Thursday, 26 May 2011

Choosing The Right Dishwasher

Choosing The Right Dishwasher

it’s important to ask yourself exactly what you want

June 21, 2010 - Chris Bennion - Coast Wholesale Appliances
Choosing The Right Dishwasher
Appliances have come a long way in 20 years. Just looking at a new dishwasher and its long list of features can leave the consumer overwhelmed. These days, it’s important to ask yourself exactly what you want from your dishwasher so you can zero in on the best fit for you.
Start with general questions like:
  • What colour do I want (Stainless Steel, Black, Panel Ready)?
  • How many loads of dishes do I do in one week?
A common mistake when buying a new appliance is that consumers feel they can walk into a store, look at 4 or 5 different options and be done. Unfortunately, these days you will walk into the store and have 30 to 40 different options. By answering some general questions, you can quickly narrow these options down, saving you a lot of time.
The next step is to look a little closer and determine what features you actually need. Will you require a dishwasher which has a Sanitize cycle? Or perhaps a dishwasher that has an upper rack only wash?
Dishwashers today have lots of features to explore. You can research these features on the internet or discuss them with your sales associate – they are trained to help you find the specifics of what you require.
Examples of other questions you might ask yourself:
  • Do I need a dishwasher that has a delay start?
  • Do I need a dishwasher with auto sensing wash technology?
  • Do I want a Domestic or Imported brand (i.e. Miele, Asko).
Something really important to consider is how often you are running your dishwasher. Make sure to let your salesperson know your usage requirements as not all dishwashers are built for heavy extended usage. When you using your dishwasher more than once a day you primarily want to look at the $1000.00 and above price level if you want a good dependable dishwasher that can handle the work-load.
If you have young children at home that like pushing buttons, consider a dishwasher that offers a child lock feature. This feature disables all the buttons so your toddler can’t turn off the dishwasher mid-cycle, or turn it on when it’s empty.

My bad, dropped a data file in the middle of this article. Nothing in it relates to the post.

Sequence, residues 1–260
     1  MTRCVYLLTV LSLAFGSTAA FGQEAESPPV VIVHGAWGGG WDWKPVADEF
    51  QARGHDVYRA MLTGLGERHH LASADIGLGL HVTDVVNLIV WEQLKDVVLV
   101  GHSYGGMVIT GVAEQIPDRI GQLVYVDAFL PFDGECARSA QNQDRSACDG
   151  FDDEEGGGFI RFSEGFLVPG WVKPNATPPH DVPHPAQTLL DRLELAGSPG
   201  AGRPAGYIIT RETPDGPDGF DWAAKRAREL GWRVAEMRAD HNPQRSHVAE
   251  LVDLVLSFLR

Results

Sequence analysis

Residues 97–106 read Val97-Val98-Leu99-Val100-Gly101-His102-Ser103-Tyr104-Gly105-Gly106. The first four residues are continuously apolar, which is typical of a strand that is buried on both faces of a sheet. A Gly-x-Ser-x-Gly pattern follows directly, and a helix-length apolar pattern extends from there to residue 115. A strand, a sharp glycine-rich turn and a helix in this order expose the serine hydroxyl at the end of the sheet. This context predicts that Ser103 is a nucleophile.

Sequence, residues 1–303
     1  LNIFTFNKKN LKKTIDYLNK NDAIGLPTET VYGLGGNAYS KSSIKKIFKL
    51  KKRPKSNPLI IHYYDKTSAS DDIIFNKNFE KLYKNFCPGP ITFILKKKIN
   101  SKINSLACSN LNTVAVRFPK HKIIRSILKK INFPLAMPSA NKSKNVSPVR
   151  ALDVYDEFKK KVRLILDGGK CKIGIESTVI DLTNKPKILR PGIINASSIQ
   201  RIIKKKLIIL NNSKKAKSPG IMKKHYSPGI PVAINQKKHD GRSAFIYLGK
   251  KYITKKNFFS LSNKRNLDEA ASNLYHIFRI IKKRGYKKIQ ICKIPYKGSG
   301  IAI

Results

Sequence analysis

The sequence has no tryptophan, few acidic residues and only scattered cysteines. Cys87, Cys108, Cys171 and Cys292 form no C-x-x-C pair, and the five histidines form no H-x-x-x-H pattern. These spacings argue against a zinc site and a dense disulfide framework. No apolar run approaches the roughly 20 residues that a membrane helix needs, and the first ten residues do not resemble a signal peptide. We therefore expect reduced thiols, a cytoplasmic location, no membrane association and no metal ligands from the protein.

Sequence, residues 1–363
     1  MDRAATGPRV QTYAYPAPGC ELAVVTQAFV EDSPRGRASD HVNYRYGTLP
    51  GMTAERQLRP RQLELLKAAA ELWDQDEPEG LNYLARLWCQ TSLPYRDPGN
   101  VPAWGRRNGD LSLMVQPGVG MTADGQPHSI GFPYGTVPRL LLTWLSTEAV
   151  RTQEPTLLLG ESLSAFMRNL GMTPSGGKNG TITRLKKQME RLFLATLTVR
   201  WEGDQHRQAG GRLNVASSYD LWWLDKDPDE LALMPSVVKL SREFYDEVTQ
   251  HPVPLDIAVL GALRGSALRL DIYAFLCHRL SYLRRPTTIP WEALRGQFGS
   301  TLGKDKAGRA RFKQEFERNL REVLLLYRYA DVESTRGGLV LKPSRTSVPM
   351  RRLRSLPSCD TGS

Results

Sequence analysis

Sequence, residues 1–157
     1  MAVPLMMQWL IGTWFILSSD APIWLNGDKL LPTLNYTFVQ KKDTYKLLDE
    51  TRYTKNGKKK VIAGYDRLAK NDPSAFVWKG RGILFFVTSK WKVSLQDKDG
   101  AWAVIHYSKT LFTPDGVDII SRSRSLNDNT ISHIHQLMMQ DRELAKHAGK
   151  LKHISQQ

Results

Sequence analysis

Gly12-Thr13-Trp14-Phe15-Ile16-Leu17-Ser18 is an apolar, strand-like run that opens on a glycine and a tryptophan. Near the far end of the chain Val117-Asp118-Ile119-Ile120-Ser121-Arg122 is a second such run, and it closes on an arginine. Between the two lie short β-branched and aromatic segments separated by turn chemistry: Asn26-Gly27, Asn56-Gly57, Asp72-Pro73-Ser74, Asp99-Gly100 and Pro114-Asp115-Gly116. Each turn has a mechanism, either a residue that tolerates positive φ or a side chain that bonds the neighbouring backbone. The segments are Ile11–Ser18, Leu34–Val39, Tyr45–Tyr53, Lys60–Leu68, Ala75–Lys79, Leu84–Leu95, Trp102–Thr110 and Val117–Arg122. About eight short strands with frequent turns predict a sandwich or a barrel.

If aesthetics are important, you may want to consider a model with integrated controls. Integrated units are slightly different from regular dishwashers in that all your controls are located on top on the dishwasher door. This hides them away, leaving a sleek looking dishwasher with no visible buttons.
Having heavily-soiled dishes on frequent basis may affect what type of dishwasher you need. Some foreign dishwashers are not designed for typical North American use; putting dishes into the dishwasher without scraping and rinsing them first. Brands like Maytag, Samsung and Jenn-Air come with a Macerator that is designed to handle particles of left-over food residue. This doesn’t mean that these dishwashers have a Garburator (for grinding up food) – a common misconception among consumers. A Macerator, however does help by preventing grimy residue on the cleaned glasses and plates.
Before buying your dishwasher, always double check your dishwasher cabinet measurements. Most dishwashers are designed to handle height restrictions, but if you have recently installed hardwood flooring, you may have issues. Hardwood underneath the dishwasher can affect the height, making most dishwashers ‘too tall’ to fit. There are dishwashers that are designed to be a little shorter in order to accommodate people who use wheelchairs or have limited mobility. Check with your sales associate to find out which options are available to you.
Consider whether you want a Stainless Steel or Plastic interior. Most people currently have plastic interior dishwashers, however, the disadvantage is that plastic interiors change in colour over time. Plastic interiors also provide a surface tension that water drops can cling to – this is why water dislodges from the roof of the dishwasher when you open the door after your dishes have gone through the drying cycle. Stainless Steel interiors will never change in colour and also provide little to no surface tension for water, forcing it down the door or falling off the top of the dishwasher roof. The Stainless Steel interior also acts like a sound barrier making it a much quieter dishwasher.
Finally, make sure you consider getting an extended warranty with your dishwasher. The dishwasher is often your most used kitchen appliance and therefore is more subject to break-downs. Consumer Reports states that of the repairs that happen between 3 to 4 years in your dishwasher’s lifespan, at least 22% require major repairs. Just one service call outside of the manufacturer’s warranty can cost you nearly $60.00, and that’s just for someone to come take a look. Add parts and labour and things can get expensive fast. Most retailers provide warranty plans, and most have onsite coverage. I always recommend that my customers get a warranty on their dishwasher. This does not mean that dishwashers are ‘built poorly’, or ‘designed to break-down’ – this is not accurate at all. Simply put, your dishwasher is a delicate piece of machinery that you want to protect in case anything does go wrong, whether that be from daily wear-and-tear or other circumstances.
This article is provided by Coast Wholesale Appliances. For more information, please

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